Running in Tuesday’s primary are conservative candidates Jennifer Dorough and Daniel Kelly, and liberal candidates Janet Protasiewicz and Everett Mitchell.

Waukesha County Circuit Court Judge Dorough last year presided over the criminal trial of Darrell Brooks, who was convicted of killing six people at the 2021 Waukesha Christmas Parade when he crashed his SUV into the crowd. The case received significant media attention, and Doro announced his candidacy just days after his sentence expired. Kelly is a former state Supreme Court justice who lost her seat in the 2020 election to moderate Jill Karofsky.

Protasiewicz is a Milwaukee County Circuit Court judge who has received the endorsement of the Democratic abortion rights group Emily’s List. Michele is a Dane County Circuit Court judge.

Changes to voting laws and rules in Wisconsin may determine who moves to the White House.

Wisconsin Democratic Party Chairman Ben Wickler

Tuesday’s election will narrow the current field of four to the two top vote-getters, who will advance to the April 4 general election. (Technically this means that two candidates with the same coalition could run against each other in the general election, although Wisconsin politicians think that outcome is unlikely.) The winner of that race would be elected to a 10-year term. is selected for.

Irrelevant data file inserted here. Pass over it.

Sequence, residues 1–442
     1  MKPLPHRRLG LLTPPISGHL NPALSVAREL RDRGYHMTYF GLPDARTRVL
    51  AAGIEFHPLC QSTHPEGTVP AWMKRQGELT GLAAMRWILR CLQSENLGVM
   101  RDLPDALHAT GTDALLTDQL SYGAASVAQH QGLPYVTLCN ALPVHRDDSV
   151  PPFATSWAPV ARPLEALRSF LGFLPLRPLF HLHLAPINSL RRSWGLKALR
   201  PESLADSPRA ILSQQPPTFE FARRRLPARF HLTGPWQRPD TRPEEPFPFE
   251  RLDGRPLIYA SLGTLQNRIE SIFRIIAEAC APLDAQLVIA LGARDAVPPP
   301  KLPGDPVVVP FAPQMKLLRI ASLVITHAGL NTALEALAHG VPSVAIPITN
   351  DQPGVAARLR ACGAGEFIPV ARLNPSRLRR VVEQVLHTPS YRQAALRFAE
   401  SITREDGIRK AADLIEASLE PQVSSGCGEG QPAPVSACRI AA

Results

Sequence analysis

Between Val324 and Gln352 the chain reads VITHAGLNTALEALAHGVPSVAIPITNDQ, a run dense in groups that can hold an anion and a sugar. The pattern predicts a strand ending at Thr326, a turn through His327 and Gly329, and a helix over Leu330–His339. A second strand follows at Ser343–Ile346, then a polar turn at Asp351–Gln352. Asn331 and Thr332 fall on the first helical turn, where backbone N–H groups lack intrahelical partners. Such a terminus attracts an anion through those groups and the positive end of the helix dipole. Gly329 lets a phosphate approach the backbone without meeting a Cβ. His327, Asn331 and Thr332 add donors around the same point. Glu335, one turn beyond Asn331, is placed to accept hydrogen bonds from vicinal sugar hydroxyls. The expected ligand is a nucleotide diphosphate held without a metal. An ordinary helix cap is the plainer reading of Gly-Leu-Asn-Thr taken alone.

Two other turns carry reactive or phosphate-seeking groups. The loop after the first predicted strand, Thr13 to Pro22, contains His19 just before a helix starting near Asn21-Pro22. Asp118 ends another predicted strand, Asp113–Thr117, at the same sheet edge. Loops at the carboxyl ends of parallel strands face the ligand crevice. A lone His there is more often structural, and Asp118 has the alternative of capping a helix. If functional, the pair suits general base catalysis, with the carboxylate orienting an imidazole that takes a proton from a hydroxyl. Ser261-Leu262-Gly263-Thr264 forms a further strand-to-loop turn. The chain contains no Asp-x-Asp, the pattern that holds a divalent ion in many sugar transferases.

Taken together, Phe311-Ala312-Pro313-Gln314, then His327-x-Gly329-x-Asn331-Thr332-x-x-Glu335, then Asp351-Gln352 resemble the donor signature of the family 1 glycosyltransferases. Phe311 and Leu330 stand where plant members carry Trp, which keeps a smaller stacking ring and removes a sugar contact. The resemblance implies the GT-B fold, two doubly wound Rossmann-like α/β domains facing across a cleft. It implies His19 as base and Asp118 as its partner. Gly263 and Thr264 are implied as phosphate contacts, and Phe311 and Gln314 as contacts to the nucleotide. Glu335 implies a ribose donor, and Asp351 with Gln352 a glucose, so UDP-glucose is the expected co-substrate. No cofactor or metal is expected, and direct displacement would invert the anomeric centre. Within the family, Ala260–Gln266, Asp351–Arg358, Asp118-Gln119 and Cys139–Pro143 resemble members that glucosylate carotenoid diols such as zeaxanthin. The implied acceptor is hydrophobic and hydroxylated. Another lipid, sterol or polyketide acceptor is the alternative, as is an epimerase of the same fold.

The candidates – like the court itself – are non-partisan, but they are able to vary their political allegiance, by taking liberal or conservative positions on various issues and by receiving endorsements by the state’s major political parties.

This year, however, some Republicans in the state have expressed dismay at how liberal candidates have broadcast where they will take sides on hot-button issues — as well as on cases that will, or will, come before the court. is likely to. , Those Republicans say telegraphing judges in this way effectively betrays their ability to hear cases fairly.